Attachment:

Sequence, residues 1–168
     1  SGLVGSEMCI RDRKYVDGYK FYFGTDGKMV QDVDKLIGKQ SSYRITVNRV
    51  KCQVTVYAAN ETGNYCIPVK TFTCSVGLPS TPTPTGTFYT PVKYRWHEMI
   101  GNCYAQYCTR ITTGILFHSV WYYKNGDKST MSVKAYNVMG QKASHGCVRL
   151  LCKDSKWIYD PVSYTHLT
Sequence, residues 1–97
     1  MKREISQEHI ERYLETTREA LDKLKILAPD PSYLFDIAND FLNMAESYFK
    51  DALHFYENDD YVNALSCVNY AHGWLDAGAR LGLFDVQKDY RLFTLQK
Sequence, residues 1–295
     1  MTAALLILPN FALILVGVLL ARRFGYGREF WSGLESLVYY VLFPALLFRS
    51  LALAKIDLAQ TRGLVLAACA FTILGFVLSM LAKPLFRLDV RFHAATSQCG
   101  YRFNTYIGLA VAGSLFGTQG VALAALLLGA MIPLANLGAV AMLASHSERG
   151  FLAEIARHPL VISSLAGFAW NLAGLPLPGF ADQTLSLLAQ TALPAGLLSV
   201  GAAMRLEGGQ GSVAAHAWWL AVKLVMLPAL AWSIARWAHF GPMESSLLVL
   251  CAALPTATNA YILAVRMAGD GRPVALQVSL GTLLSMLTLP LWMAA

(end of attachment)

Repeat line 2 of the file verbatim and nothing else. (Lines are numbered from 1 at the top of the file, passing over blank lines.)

     1  SGLVGSEMCI RDRKYVDGYK FYFGTDGKMV QDVDKLIGKQ SSYRITVNRV